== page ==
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What Kind of Fish, Mac?

At Fishman's Outlet, where dishes are worth the long lines of waiting, countermen keep it snappy.


Probably the most popular downtown restaurant is a seafood stand called the Fisherman's Outlet. It's mobbed from just before noon till about 2 p.m. most days (it closes at 3:30), and for even longer than that on Fridays and Saturdays. One line snakes out the door and into a roofed patio; another meanders through the adjoining fish market and salad counter.

Inside, there's a surging crowd of people from all walks of life--government workers, downtown locals, people from the nearby toy and fashion districts--all watching for one of the countermen to point and call out, "Who's next? You? What's your order?"

Make it snappy, and tell him whether you want it with rice or with fries and cole slaw. That's right, slaw comes only with fries; if you want it with rice, it's 46 cents extra.

Then wait your turn to tell another counterman whether you want a soft drink. That's also the moment to order a sauce, if you're getting broiled fish. (With fried, you get packets of commercial tartar or cocktail sauce, or both, seemingly at random.)

Then you slowly work your way down to the cash register and pay a third counterman. Eventually, your order emerges from the grill and fry area, where about half a dozen more guys are working furiously. A lot of the countermen have been doing this for years, and they've become surprisingly good at remembering whose order is whose.

You can order cocktails or chowders from the third counterman, or you can order them next door at the seafood counter, an altogether cooler and quieter place. At the seafood counter, you can also shop for fresh seafood to cook at home.

When your order comes up, you grab it and go looking for a seat on the patio. It holds about two dozen concrete tables with concrete benches, all set very close together. There are also a couple of wooden tables inside, but hardly anybody ever sits there among the jostling lines of people placing orders. A counter with a handful of stools outside the window is also underutilized.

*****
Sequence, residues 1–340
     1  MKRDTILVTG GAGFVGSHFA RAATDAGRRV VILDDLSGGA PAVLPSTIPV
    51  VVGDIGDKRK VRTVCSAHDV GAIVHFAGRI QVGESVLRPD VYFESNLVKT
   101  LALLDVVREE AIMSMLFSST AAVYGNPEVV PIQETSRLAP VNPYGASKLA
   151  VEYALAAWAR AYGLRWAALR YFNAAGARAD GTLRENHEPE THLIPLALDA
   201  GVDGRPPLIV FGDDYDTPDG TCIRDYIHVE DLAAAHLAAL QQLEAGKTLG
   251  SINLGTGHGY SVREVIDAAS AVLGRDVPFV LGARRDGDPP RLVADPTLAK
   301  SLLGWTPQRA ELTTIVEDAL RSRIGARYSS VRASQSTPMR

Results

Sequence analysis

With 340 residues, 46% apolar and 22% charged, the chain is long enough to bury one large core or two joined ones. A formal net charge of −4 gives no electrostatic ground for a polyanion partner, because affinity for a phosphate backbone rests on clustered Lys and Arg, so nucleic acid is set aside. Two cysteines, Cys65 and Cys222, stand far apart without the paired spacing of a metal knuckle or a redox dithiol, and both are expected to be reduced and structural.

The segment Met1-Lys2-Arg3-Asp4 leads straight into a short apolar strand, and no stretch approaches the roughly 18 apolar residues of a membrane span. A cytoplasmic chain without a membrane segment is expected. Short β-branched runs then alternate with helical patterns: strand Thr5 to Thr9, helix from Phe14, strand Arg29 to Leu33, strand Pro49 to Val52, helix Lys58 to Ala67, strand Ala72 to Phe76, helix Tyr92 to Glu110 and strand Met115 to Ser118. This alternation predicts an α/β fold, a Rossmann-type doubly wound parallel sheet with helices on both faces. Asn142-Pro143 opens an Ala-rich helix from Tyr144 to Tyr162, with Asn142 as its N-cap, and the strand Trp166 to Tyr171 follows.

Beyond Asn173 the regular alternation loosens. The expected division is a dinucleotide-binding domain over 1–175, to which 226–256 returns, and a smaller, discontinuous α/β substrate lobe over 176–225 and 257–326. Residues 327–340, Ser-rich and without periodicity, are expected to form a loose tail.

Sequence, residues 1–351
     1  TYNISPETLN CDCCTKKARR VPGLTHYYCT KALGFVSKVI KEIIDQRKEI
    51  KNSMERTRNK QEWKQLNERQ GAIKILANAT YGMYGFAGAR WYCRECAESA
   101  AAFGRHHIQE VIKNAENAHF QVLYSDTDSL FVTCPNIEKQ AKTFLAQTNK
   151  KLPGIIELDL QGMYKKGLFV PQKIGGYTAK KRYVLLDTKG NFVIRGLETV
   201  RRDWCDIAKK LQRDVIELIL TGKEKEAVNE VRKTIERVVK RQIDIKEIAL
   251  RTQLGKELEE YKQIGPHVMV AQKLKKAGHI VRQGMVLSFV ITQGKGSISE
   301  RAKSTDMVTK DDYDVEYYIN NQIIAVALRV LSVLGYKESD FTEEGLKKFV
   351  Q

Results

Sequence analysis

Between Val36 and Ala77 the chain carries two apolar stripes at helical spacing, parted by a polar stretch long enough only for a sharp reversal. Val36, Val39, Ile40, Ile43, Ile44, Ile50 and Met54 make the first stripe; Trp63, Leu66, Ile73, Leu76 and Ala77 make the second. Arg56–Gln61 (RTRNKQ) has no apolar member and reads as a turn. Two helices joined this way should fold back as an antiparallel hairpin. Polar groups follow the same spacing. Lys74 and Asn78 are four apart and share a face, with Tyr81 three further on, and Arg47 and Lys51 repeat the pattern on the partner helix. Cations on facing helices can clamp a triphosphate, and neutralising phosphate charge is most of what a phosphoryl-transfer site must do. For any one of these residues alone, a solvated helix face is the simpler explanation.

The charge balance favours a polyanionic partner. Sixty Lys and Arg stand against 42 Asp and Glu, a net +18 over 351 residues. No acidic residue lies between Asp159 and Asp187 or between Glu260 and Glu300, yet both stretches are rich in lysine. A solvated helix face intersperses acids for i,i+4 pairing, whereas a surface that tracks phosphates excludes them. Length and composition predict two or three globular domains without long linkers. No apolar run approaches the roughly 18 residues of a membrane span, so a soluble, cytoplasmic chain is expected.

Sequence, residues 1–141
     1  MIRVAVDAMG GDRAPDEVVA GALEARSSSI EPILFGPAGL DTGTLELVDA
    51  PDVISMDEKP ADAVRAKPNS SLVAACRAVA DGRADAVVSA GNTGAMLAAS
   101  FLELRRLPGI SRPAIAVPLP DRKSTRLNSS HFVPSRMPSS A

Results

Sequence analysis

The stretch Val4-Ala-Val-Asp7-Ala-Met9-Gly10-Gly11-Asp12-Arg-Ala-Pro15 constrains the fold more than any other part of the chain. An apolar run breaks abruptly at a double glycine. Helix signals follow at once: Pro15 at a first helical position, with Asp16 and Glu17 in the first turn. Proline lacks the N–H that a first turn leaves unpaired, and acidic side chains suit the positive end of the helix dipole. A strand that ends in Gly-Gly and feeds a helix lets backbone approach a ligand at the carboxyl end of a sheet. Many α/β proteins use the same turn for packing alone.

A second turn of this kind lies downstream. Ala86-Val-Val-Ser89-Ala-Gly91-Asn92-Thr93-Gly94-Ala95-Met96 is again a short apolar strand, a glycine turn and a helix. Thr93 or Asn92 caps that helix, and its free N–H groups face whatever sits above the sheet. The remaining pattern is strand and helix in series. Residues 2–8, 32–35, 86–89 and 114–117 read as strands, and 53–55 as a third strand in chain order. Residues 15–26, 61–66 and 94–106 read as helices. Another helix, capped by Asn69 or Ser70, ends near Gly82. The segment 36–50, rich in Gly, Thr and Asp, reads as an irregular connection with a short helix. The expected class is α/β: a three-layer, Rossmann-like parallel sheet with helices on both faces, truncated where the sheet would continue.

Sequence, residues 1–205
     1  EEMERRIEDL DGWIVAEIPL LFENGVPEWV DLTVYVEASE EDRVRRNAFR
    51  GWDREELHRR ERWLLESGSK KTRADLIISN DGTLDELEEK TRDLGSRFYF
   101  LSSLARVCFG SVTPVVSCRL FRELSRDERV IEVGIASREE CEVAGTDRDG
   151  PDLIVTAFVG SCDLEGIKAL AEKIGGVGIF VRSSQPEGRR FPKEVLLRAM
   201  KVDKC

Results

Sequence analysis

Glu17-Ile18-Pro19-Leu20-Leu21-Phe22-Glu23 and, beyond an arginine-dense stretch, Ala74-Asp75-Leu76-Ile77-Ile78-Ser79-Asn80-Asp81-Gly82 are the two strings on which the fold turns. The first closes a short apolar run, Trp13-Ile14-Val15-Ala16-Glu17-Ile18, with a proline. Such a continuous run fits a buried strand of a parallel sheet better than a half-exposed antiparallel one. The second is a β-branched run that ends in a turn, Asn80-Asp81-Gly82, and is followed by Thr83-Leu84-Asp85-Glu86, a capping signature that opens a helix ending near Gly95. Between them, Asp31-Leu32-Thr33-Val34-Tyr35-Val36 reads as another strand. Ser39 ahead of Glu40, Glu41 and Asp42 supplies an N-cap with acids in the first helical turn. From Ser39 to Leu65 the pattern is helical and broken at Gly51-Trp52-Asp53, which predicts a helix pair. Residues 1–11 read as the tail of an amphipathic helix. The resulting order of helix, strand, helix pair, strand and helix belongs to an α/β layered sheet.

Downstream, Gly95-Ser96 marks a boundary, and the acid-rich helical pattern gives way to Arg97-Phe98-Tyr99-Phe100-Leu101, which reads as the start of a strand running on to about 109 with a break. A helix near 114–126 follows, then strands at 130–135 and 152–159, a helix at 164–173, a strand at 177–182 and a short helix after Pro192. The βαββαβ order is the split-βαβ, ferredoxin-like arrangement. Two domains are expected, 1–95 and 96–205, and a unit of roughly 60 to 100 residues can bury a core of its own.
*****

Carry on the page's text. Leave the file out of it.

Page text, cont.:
The biggest sellers are the fried seafood plates--there are combos you can order as No. 1 (fish and shrimp), No. 2 (fish and scallops) or No. 3 (shrimp and scallops). They come with rice or with crunchy skinny fries and a little cup of dill-spiked cole slaw. (OK, so you don't get slaw with the rice. It's good rice, with a chewy texture like al dente orzo pasta that happens to taste like rice.)

Fried items are pretty good in their crunchy panko-type breading, even the inexpensive fried fish sandwich (no side dishes with the sandwich). Often, there's a blackboard special of crab cakes, which are very crabby, with very little filler. The fried sand dabs are disappointing, though. They're not filets but whole fish, so you get a lot of bones and not much meat.

The more expensive broiled seafood dishes also come with fries or rice and your choice of sauce--garlic butter, thick teriyaki or a Cajun sauce thick with ground medium-hot peppers. The choices include a smoky albacore filet, sea bass with a good, fresh flavor and tiger shrimp, which are two skewers of about five large shrimp each.

Everything seems good here (even trout, so often disappointing in restaurants), but the best things are clearly the salmon and the giant shrimp. The salmon is a butterflied filet, juicy and ultra-fresh; the giant shrimp are half a dozen really big ones, also butterflied and very fresh, with an attractive charcoal-tinged flavor. If you don't tell them otherwise, they automatically give you garlic butter with the giant shrimp. (Go along with it.)

If fried or grilled seafood isn't enough for you, you can get a bland white clam chowder or a red chowder of small shrimp and bits of fish in a spicy tomato broth. There's also a lobster bisque, but they've always been out of it when I've asked.

Seafood cocktails come with a horseradish-heavy cocktail sauce on the side, although there's a shrimp cocktail in light tomato sauce with raw onions, which is more like a Mexican coctel.

A few commercial desserts are available, such as a Key lime pie with that everlasting sort of cream topping and a chocolate cake that's mostly fudgy filling and frosting. But do you really need to order dessert? You're taking up a seat there, Mac.

The Fisherman's Outlet, 529 S. Central Ave., downtown L.A., (213) 627-7231. Lunch, 10 a.m.-3:30 p.m., Monday-Saturday. No alcohol. Parking lot. No credit cards.

Lunch for one, $5.25 to $19.99.

What to Get: fried shrimp and scallop plate, giant shrimp, salmon.

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